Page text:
The nature of gender differences across proficiency levels

Research output: Contribution to conferencePaperpeer-review


A number of studies of language learning motivation have repeatedly reported female learners to be significantly more motivated than male learners to study foreign languages. In line with this, female learners have been also found to score higher on measures of proficiency than their male peers. However, motivational studies rarely control for students’ proficiency. Hence, it is not clear if the differences can be attributed to gender, proficiency or both factors.
1773 15-year-old Spanish learners of English (903 females and 870 males) participated in this study. All students completed all components of Aptis proficiency test (reading, writing, speaking, listening, grammar and vocabulary) as well as a motivational questionnaire, which included eight motivational variables: ideal L2 self, ought-to L2 self, language learning experience, the English self, international orientation, instrumentality, parental encouragement and motivated behaviour. The data was initially analysed in Mplus (EFA, CFA, multi-group comparison), and then linear regression analysis was run to test whether proficiency levels have a moderation effect on the relationship between gender and motivation. In other words, whether the gender effects are different at different levels of proficiency.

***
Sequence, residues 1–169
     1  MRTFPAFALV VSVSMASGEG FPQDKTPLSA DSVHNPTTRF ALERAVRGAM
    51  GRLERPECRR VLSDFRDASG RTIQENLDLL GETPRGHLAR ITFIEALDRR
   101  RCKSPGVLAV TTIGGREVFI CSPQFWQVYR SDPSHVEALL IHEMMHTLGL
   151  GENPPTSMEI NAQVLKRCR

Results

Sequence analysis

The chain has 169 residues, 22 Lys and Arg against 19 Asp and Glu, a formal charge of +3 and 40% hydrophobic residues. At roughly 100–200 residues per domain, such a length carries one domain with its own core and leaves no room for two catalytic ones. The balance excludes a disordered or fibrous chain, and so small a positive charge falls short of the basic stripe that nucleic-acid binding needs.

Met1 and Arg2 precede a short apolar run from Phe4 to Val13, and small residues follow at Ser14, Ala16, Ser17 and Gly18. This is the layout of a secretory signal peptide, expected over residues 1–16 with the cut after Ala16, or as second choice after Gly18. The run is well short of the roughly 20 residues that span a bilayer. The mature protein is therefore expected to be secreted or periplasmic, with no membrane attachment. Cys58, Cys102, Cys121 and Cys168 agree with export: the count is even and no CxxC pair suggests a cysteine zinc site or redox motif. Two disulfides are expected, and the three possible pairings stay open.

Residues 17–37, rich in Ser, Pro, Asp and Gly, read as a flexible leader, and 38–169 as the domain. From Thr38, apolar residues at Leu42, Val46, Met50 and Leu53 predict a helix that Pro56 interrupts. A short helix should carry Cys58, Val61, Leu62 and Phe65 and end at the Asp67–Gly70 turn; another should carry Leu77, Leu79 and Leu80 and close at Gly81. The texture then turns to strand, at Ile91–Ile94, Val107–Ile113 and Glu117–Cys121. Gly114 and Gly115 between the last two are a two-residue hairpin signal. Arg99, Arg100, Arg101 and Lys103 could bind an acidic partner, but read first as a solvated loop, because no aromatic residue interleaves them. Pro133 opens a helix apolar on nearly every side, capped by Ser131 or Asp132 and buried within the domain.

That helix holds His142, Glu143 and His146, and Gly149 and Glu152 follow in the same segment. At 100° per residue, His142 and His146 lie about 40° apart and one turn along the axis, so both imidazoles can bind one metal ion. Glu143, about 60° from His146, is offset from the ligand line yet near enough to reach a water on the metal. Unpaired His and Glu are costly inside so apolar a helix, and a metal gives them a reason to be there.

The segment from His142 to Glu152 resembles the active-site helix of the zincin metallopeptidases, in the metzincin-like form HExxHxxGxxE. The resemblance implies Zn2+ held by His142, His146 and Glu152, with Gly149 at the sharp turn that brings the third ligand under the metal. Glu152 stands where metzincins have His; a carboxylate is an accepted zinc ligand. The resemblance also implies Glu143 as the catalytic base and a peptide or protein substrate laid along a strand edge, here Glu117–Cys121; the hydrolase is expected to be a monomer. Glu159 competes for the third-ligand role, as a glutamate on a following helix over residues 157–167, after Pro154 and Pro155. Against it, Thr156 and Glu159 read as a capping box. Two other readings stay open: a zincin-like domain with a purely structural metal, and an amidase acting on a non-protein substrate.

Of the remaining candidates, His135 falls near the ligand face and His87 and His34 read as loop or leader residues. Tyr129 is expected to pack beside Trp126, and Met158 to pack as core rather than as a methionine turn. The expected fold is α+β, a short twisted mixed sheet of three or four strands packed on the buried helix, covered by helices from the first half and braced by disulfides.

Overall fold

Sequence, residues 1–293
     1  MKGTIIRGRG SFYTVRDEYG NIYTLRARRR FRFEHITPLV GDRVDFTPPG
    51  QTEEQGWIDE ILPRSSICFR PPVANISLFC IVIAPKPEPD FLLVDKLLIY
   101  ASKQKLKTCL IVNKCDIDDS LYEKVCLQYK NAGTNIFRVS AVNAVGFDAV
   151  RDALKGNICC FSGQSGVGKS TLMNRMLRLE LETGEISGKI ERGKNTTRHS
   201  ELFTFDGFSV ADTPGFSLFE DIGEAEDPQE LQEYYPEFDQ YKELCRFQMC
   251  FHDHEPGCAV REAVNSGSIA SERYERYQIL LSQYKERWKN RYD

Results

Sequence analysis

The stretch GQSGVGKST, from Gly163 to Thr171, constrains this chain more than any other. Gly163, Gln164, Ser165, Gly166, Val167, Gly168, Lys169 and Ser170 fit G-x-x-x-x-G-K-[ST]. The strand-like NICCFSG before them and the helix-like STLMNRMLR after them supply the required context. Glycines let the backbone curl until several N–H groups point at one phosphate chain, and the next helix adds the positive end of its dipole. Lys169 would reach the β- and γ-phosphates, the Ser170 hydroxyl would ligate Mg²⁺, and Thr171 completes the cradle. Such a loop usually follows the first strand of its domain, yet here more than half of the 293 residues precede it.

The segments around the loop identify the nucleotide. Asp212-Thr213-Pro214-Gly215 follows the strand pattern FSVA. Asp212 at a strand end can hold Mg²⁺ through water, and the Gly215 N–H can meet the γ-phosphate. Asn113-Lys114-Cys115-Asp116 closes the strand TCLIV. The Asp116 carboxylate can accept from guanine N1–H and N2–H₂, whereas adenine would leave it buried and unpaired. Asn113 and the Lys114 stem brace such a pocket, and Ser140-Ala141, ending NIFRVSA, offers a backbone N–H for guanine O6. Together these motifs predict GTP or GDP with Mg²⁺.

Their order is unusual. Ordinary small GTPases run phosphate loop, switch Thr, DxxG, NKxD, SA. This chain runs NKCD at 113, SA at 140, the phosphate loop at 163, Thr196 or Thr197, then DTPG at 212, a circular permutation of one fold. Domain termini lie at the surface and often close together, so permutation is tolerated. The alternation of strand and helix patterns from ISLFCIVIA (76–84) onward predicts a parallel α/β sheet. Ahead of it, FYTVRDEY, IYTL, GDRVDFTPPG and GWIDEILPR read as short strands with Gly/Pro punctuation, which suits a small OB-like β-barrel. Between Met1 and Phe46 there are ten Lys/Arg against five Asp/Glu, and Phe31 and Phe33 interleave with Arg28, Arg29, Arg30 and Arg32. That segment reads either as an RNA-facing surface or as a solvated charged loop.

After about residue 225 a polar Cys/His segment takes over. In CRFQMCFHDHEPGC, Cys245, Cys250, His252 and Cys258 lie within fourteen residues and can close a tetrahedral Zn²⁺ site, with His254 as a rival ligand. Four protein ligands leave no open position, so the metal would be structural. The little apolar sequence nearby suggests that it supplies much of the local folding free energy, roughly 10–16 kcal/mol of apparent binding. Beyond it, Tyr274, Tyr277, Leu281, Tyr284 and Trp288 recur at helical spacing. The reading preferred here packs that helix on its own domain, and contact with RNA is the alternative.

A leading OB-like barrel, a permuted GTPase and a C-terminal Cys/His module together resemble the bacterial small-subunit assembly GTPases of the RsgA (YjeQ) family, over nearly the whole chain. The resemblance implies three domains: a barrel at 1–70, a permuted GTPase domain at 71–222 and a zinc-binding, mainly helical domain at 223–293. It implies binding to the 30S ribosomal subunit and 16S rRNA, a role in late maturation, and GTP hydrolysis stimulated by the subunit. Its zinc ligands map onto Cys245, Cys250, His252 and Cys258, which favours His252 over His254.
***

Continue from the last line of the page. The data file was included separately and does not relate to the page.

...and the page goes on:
The results show that there is not a statistically significant moderation effect of proficiency for any of the eight motivation variables tested in this study. That is, gender differences in motivation do not seem to change at different levels of proficiency for any of the eight motivation measures.
Original languageEnglish
Publication statusUnpublished - Jun 2018
EventPsychology of Language Learning - Waseda University, Tokyo
Duration: 7 Jun 201810 Jun 2018
Conference number: 3


ConferencePsychology of Language Learning
Abbreviated titlePLL
Internet address


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